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The 3 Best Ways to End a Sales Presentation

Best Ways to End a Sales Presentation

The end of your sales pitch is a key moment. You have put in a lot of energy into delivering the best possible pitch. Now it’s time to give way to healthy and fruitful conversations.

Here are 3 Do’s and Don’t when ending your presentation:

Don’tDo
The ‘Questions’ Slide Chances are high that you have seen or even used some version of this slide at the end of a presentation. While it is not the end of the world, it is a missed opportunity. The last slide of a presentation is the slide your audience will spend a lot of time looking at. It’s valuable real-estate that can be better used in ways we will explore.The ‘Team’ SlideThe last slide of your presentation oftens gets seen by your audience for the longest period of time. End your presentation with information reminding your audience who you are and who your team members are. This helps your audience direct questions towards the right individuals, and helps them remember who you are since they will be staring at the slide for some time. 
The ‘Thank You’ Slide The ‘Thank You’ slide suggests everyone was present for your pitch out of politeness. Even if that may be the case, do yourself a favor and remove this slide from your presentation. Rather than thanking the audience, you should try to Salute the Audience instead.Salute the Audience (does not require a slide)Tell the audience how much you value your time getting to speak with them. Here is an example: “It’s been great fun being here. It’s been fascinating to see what you folks are doing. I’ve been stimulated and provoked by the questions you were asking. I look forward to coming back on many occasions in the future.” Notice the phrase “thank you” is not used, yet itsit’s gist is implied.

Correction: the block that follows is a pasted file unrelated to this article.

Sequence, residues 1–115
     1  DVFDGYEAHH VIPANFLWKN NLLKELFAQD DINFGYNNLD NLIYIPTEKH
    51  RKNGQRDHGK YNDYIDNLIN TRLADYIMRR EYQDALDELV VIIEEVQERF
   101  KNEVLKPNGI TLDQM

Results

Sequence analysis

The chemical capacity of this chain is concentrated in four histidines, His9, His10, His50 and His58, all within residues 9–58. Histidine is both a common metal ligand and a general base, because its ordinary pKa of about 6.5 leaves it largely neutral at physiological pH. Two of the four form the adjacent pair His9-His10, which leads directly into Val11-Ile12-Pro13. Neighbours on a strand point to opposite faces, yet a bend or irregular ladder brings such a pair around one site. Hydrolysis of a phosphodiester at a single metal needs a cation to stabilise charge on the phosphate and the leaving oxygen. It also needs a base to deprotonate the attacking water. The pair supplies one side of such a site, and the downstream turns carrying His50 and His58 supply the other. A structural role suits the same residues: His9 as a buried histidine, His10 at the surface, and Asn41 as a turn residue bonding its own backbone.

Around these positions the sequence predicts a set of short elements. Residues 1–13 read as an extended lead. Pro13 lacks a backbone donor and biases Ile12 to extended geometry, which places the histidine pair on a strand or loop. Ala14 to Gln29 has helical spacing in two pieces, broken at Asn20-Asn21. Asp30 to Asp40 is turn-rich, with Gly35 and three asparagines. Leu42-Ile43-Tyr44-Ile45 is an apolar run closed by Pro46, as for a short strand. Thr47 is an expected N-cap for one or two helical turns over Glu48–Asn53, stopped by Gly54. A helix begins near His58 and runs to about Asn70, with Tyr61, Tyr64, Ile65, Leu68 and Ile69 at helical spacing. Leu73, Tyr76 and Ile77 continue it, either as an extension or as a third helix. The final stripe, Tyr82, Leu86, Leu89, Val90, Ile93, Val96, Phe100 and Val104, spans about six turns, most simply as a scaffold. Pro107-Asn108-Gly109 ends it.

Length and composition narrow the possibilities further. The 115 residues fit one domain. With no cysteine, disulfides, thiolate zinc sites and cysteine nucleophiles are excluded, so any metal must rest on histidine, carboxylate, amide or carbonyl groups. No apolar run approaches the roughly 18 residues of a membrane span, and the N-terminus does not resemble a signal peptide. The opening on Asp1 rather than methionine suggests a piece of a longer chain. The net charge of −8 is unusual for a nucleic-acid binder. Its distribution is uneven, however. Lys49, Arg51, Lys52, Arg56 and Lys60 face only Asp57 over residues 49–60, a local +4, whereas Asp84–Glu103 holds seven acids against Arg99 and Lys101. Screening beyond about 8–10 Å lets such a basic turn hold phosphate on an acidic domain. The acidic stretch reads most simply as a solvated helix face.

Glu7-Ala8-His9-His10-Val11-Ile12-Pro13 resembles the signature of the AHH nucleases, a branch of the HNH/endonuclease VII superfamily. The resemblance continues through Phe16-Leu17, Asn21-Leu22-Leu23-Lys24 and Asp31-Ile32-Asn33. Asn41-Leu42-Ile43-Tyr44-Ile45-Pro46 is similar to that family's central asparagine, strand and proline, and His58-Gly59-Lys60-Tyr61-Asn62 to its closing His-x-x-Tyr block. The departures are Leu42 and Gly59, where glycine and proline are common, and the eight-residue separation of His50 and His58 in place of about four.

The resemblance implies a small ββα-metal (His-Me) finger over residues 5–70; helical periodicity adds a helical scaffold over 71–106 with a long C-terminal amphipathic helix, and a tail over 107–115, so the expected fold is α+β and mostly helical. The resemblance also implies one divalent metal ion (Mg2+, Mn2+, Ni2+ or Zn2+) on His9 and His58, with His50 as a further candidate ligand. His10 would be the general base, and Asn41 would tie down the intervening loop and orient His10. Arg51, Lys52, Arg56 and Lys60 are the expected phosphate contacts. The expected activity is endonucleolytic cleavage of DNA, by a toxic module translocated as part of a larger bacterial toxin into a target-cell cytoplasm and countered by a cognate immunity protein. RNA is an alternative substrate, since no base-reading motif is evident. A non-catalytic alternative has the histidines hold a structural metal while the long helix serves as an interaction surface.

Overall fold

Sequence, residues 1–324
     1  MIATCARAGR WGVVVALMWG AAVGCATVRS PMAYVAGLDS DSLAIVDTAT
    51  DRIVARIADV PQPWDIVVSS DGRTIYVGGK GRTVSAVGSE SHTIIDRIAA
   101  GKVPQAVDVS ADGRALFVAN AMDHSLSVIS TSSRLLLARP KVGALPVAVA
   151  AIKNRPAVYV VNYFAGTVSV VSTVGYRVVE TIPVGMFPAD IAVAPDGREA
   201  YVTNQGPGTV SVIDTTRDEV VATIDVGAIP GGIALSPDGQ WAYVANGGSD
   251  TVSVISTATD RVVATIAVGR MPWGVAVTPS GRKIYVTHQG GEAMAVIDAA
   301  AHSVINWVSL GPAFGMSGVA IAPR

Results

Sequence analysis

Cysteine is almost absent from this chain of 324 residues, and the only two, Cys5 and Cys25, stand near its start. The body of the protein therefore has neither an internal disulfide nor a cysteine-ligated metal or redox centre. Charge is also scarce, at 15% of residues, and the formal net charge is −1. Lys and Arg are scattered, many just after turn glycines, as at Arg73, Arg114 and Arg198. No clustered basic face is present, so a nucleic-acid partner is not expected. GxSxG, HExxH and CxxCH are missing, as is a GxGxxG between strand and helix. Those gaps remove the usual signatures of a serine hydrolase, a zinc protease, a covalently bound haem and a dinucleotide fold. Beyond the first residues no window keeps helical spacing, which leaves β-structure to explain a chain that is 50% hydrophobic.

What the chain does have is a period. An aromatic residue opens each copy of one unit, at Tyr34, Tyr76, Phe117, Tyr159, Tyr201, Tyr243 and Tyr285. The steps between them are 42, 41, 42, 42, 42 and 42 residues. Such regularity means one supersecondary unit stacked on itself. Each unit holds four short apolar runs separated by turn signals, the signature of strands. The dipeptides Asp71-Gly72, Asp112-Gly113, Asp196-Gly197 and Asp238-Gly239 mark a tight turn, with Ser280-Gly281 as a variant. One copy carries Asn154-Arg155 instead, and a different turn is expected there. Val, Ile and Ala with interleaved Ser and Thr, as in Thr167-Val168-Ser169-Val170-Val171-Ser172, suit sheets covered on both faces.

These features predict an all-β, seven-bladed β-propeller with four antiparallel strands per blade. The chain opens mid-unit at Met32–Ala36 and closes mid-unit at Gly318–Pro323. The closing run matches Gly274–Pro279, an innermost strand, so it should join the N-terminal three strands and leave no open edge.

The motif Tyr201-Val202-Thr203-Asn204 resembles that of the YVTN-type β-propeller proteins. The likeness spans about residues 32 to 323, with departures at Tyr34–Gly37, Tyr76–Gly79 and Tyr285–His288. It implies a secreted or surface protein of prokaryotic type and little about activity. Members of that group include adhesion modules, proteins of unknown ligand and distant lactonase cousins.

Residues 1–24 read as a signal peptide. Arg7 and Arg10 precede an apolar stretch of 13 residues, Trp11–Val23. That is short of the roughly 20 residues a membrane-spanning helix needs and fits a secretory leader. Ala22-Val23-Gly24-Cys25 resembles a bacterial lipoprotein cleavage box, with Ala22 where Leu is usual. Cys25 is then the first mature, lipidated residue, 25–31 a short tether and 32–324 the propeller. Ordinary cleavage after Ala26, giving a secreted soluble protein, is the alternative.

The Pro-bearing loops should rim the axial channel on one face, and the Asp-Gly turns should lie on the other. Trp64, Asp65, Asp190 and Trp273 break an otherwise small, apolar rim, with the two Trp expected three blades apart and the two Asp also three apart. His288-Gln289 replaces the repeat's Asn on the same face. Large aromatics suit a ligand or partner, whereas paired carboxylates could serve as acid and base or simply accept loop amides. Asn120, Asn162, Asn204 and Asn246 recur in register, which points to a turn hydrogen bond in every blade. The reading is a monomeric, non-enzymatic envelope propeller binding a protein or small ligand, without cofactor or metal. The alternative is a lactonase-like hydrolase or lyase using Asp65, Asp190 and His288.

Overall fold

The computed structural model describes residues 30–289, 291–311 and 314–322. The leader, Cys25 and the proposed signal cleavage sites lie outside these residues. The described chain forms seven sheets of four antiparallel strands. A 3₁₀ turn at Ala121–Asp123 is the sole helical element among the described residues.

The ‘The End’ SlideThe least appropriate way to end a pitch is with the words “The End”. It’s not the end. It’s not a story. It’s not a movie. If anything, a sales pitch is the beginning of something. It’s a start. Words like “end”, “conclusion”, “finish”, & “close” can all prematurely end a discussion. You may even prevent your audience from asking questions or having a discussion if you end this way.Finish with a Joke It’s common knowledge that getting your audience to participate in your presentation will keep them engaged and attentive. Ending with a joke is a great way to keep that momentum into a discussion that may follow your pitch. Getting your audience to laugh at the end of your presentation will make people feel like they had fun the whole time.